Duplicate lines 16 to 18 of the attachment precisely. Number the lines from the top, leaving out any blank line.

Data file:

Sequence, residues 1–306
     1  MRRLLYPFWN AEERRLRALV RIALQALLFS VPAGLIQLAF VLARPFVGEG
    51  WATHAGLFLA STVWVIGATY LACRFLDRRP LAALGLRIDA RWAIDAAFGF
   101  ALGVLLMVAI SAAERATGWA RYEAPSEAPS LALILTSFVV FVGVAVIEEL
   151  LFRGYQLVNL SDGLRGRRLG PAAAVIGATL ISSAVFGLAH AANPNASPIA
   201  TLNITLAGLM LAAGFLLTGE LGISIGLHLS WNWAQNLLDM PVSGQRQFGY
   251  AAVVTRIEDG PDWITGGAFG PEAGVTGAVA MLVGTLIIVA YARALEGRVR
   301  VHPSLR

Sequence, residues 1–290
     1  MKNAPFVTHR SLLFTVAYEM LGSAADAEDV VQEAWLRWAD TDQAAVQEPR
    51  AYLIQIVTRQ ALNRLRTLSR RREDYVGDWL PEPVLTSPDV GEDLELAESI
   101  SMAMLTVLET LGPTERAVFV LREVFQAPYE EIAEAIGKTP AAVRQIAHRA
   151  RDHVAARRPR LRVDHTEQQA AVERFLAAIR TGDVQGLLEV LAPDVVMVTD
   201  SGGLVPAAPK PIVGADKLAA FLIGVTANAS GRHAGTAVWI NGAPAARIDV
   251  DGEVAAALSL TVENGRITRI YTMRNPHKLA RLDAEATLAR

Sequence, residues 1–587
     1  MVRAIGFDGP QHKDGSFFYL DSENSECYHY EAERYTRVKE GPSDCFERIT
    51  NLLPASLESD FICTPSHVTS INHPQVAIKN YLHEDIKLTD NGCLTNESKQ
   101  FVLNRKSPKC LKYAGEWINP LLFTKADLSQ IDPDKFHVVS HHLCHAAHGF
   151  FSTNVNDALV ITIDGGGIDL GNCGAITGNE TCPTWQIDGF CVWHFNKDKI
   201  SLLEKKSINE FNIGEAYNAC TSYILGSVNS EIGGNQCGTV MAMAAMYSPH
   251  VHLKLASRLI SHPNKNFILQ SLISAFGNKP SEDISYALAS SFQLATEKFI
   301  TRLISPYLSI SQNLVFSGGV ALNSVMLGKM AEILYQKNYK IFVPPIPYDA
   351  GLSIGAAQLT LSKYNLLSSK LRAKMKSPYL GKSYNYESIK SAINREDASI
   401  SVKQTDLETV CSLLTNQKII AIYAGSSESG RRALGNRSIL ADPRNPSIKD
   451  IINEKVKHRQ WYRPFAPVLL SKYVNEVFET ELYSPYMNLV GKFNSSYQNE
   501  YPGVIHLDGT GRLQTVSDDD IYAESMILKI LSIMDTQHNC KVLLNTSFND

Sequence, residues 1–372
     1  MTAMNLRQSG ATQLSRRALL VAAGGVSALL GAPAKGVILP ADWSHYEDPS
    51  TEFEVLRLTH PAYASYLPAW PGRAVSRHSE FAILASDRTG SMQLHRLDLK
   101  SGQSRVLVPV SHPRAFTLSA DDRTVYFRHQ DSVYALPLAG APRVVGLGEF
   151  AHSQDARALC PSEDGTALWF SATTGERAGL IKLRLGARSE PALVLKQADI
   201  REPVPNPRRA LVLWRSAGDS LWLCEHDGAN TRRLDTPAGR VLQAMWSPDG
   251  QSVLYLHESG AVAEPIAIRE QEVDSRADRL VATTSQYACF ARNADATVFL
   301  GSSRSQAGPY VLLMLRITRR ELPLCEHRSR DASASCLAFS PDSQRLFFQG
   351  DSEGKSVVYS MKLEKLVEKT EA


Sequence, residues 1–587
     1  MVRAIGFDGP QHKDGSFFYL DSENSECYHY EAERYTRVKE GPSDCFERIT
    51  NLLPASLESD FICTPSHVTS INHPQVAIKN YLHEDIKLTD NGCLTNESKQ